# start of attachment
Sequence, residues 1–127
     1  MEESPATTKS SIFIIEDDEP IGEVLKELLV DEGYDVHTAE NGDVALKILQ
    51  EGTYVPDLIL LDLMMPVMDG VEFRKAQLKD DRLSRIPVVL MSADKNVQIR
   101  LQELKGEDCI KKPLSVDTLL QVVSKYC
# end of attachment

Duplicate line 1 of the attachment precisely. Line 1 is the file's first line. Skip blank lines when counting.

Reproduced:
Sequence, residues 1–127